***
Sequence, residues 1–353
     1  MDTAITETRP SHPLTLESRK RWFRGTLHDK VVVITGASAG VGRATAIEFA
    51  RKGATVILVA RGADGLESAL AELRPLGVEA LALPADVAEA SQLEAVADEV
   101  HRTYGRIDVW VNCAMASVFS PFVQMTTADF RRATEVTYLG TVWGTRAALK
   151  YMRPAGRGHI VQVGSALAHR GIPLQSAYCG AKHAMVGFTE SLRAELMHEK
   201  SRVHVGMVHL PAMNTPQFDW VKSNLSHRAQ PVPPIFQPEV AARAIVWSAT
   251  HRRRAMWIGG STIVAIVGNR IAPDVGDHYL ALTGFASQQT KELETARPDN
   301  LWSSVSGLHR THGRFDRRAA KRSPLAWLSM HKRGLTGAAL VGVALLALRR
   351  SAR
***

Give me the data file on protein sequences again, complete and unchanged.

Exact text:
Sequence, residues 1–353
     1  MDTAITETRP SHPLTLESRK RWFRGTLHDK VVVITGASAG VGRATAIEFA
    51  RKGATVILVA RGADGLESAL AELRPLGVEA LALPADVAEA SQLEAVADEV
   101  HRTYGRIDVW VNCAMASVFS PFVQMTTADF RRATEVTYLG TVWGTRAALK
   151  YMRPAGRGHI VQVGSALAHR GIPLQSAYCG AKHAMVGFTE SLRAELMHEK
   201  SRVHVGMVHL PAMNTPQFDW VKSNLSHRAQ PVPPIFQPEV AARAIVWSAT
   251  HRRRAMWIGG STIVAIVGNR IAPDVGDHYL ALTGFASQQT KELETARPDN
   301  LWSSVSGLHR THGRFDRRAA KRSPLAWLSM HKRGLTGAAL VGVALLALRR
   351  SAR